There are a number of observations one can make about William Alcott’s manuals (this and others). I choose the word “observations”carefully, since I believe the logical Alcott would approve. While this is a manual for mothers about children, it is also a platform for Alcott, his beliefs, and his apparently extensive education. He tackles child feeding, activities, care, dress, and more, all while challenging the works of other doctors and even philosophers (one of the pages above quotes extensively, then refutes, John Locke). You might (or might not) be surprised by the number of times he refers to Ancient Rome, refers to his theories vegetarianism, or reminders readers how differently he views boys and girls. One thing we can all agree on is that he has a great deal of advice to give.

There are other editions of this title available online, so if you want to read more from the 2nd edition or  3rd edition in 1836, the 3rd edition in 1838, or the 1849 edition, you can find them all online. Our 1846 isn’t online at this point.

Forty Famous Cocktails: A Recipe Card with a Twist

This week’s feature is a cocktail item that we acquired back in 2013. About that time, I planned to write a post about it, but first I was waiting for it to come back from cataloging. Then I cam across it again, but I had written a recent post about another cocktail item, so the timing was wrong again. Two weeks ago, I pulled it from the shelves to display at an event in Special Collections and was reminded it was tucked away. Somehow, this week, the timing felt right. I’m happy to present Forty Famous Cocktails, probably published in the 1930s, either during Prohibition, or shortly after the ban was lifted.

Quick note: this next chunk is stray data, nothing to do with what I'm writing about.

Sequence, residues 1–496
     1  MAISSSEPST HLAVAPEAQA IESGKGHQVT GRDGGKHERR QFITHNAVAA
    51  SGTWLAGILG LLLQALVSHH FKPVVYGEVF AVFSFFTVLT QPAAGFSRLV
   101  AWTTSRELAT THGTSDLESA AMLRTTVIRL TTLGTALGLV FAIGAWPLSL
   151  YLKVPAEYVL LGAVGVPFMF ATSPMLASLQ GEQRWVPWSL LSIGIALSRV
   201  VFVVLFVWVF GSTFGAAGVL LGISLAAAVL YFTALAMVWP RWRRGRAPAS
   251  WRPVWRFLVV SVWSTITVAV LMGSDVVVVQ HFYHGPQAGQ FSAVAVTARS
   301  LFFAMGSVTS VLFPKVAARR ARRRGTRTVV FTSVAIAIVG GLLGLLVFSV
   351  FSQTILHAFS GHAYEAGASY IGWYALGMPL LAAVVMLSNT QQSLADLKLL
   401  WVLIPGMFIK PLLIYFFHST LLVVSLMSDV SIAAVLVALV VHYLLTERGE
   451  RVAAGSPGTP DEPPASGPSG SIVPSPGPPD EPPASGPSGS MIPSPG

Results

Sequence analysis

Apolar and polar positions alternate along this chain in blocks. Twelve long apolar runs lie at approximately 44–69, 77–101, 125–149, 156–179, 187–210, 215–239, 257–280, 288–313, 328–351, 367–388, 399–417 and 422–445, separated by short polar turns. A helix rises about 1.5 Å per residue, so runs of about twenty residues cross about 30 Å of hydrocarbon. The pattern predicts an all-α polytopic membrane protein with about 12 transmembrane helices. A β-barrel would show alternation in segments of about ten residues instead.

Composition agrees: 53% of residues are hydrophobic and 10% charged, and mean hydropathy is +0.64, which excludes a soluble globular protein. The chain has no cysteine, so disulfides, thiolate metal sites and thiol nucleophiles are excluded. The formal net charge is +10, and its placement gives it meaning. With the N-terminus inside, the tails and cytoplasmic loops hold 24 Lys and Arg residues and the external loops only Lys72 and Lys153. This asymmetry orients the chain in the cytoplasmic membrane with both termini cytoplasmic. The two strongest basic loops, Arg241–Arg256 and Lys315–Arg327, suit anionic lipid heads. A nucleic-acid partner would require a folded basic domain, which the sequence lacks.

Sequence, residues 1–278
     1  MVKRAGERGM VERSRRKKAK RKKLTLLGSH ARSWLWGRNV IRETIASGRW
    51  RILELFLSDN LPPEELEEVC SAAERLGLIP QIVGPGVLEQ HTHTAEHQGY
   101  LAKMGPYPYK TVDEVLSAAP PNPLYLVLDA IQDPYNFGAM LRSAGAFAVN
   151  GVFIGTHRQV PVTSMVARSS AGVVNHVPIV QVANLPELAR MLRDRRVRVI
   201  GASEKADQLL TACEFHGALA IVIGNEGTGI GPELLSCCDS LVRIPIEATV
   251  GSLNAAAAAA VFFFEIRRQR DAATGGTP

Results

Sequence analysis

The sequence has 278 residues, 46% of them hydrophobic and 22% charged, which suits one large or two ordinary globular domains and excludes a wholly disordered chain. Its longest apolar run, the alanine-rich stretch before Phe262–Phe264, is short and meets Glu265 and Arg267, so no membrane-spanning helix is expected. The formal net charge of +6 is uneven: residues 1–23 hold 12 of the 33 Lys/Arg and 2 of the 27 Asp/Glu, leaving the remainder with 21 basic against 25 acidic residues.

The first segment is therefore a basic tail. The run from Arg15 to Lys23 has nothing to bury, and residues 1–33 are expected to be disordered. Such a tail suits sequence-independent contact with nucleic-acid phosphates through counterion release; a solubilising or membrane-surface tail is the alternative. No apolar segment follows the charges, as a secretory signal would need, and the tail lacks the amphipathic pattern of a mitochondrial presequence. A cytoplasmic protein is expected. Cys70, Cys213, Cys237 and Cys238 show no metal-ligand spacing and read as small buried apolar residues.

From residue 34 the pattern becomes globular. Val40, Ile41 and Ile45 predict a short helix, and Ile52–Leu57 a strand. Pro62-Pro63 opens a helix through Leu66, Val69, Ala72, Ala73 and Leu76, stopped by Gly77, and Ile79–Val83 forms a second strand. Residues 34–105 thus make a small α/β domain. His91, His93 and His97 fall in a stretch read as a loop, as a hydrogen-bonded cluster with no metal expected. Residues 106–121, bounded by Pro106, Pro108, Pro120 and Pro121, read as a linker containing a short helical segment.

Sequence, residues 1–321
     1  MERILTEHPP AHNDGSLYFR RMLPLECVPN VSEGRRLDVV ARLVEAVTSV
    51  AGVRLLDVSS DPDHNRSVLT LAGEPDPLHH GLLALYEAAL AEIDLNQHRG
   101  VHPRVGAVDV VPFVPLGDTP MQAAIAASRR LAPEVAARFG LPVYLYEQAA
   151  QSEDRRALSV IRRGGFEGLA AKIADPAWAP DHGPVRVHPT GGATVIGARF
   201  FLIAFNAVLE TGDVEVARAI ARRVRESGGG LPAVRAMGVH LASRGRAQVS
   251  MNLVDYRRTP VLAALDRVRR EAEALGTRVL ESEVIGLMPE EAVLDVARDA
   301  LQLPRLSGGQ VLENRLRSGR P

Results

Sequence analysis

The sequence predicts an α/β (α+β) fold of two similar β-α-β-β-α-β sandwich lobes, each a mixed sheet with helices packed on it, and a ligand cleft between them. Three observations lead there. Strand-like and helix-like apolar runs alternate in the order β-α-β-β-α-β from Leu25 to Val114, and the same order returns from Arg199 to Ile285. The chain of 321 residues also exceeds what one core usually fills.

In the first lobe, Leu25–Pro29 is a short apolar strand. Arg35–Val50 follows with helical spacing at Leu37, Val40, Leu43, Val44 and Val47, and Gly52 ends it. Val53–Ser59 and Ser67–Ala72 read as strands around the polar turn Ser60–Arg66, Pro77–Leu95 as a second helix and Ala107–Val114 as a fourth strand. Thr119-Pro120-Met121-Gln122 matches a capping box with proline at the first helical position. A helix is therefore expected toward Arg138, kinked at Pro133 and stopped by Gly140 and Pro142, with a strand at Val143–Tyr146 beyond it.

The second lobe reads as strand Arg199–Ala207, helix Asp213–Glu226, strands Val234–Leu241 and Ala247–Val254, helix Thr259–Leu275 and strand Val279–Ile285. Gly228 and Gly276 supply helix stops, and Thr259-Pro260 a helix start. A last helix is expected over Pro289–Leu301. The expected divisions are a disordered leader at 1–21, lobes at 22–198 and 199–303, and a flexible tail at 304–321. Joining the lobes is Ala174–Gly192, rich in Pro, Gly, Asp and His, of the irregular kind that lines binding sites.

As you can tell, Forty Famous Cocktails isn’t a traditional publication. It’s not a book (though it is in our catalog) and it’s not exactly a piece of ephemera that belongs Cocktail Ephemera Collection (which I hadn’t started building just yet). Rather, it’s a two-sided sleeve within a two-sided card. The outside sleeve features some outlandish caricatures with strategic spaces. (You can click on the any of the images above for a closer look.) In two the images above, when the inner card is flush,  you’ll see phrases, images, bottle labels, and even eyes on the bartender, depending on which side you’re viewing. In the other two images above, you get a better sense of how the card is actually used. As you pull the inner card up, you can see a drink name appear under the word “Orders” on each side. Moving across card, appearing on bottles and in paintings, you can see the ingredients and the instructions for the drink.